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Niemann–Pick disease is an autosomal recessive lipid storage disease, characterized with differentiating levels of hepatosplenomegaly and progressive psychomotor retardation (this disease exhibiting heterogenic symptoms has four subtypes; Type A and B, in which sphingomyelinase values are normal, and Type C and D, in which sphingomyelinase values are close to normal values). Disease emerges with early childhood ataxia and progressive dementia, and the most evident features are early childhood hepatosplenomegaly, vertical supranuclear ophthalmoplegia, ataxia, dysarthria, mental-motor retardation, and seizures.[1,2,3] In this report, we present our anesthetic approach to an uncooperative 3-year-old female patient with hepatosplenomegaly, mental-motor retardation, developmental retardation, deglutition, speech deficiency, ataxia, and seizures who admitted to our clinic in collaboration with our pedodontics clinic for preventive dentistry practice.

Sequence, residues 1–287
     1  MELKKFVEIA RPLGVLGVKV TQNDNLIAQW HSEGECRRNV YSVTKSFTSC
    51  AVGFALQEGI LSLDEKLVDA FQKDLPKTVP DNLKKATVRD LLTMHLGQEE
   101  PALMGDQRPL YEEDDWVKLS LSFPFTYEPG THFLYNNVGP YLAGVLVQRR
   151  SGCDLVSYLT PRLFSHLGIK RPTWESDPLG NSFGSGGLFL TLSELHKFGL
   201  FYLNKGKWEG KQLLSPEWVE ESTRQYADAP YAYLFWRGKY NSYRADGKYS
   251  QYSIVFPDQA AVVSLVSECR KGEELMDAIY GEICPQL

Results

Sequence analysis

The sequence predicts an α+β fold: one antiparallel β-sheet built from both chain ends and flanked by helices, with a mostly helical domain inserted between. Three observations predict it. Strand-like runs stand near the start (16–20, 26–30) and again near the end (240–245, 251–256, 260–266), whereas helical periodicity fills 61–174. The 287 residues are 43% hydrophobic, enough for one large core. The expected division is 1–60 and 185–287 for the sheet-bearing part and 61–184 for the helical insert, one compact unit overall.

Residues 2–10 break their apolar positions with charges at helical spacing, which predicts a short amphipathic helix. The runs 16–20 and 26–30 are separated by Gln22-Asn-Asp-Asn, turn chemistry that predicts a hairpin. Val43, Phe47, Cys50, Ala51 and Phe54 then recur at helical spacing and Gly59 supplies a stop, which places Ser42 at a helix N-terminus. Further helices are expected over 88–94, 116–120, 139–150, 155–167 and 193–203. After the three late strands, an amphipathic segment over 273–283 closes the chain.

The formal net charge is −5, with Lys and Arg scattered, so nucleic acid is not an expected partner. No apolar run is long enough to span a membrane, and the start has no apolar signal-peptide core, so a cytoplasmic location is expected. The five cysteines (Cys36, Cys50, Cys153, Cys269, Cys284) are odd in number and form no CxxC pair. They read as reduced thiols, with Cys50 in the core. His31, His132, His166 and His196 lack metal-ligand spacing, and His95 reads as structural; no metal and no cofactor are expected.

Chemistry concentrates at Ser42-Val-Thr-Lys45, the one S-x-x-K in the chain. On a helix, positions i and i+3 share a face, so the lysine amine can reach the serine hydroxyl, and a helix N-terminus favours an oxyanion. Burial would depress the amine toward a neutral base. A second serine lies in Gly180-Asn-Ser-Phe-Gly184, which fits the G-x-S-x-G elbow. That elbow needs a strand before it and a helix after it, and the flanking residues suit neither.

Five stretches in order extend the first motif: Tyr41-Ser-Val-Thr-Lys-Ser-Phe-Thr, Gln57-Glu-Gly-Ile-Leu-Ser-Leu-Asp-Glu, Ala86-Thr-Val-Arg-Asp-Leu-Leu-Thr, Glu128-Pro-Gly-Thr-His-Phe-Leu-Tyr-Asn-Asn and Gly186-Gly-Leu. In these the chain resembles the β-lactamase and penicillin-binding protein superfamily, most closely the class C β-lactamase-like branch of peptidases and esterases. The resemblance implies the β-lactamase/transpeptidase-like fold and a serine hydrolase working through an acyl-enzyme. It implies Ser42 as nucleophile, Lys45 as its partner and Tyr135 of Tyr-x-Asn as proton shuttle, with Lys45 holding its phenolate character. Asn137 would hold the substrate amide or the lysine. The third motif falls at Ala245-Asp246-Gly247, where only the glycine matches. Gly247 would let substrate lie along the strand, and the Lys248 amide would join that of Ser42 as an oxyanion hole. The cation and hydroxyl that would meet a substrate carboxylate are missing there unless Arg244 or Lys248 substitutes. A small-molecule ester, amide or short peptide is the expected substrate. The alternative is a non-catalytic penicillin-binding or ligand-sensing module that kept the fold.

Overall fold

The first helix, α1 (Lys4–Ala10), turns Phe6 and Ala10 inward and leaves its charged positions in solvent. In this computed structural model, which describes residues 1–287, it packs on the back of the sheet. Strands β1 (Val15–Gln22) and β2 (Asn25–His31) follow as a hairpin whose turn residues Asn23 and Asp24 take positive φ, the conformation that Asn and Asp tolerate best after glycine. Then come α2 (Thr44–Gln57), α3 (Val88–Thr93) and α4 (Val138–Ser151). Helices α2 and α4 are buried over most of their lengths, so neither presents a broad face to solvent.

Preventive measures such as topical fluoride application to teeth and incision of the excess mucosa over the left upper and lower primary second molars to obtain eruption was planned, and the patient was consulted to our department for the surgical procedure and the need of sufficient mouth opening under anesthesia for the uncooperative patient. Mallampati was Grade 3, sternomental and thyromental distances were short. After 6 h of fasting, sedoanalgesia with monitored anesthesia care was planned because of the presence of difficult intubation criteria. Patient was taken to the operation room without premedication, was monitorized and oxygenized 2 L/min. Five minutes after EMLA® application to the left-hand dorsal side, peripheral intravenous cannulation was obtained. Metoclopramide, to minimize vomiting possibility by increasing lower esophagus sphincter pressure, and ranitidine, to neutralize stomach acid was administered. Afterward, 0.5 mg midazolam and 20 mg ketamine were administered intravenously. After termination of the 20 min operation, patient was observed for 10 min and sent to service while hemodynamically stable.
Our choice of anesthetic in addition to local infiltration anesthesia (Ultracain®) was ketamine, which has analgesic, hypnotic, and amnestic effects but does not repress pharyngeal and laryngeal reflexes and does not evoke cardiovascular and respiratory depression. The potential effect of ketamine of elevating convulsion threshold was prevented with midazolam. We are in the opinion that this method, which did not require additional anesthetic methods, was free of side effects and safe for the 3-year-old child with Niemann–Pick Type C disease.
There are no conflicts of interest.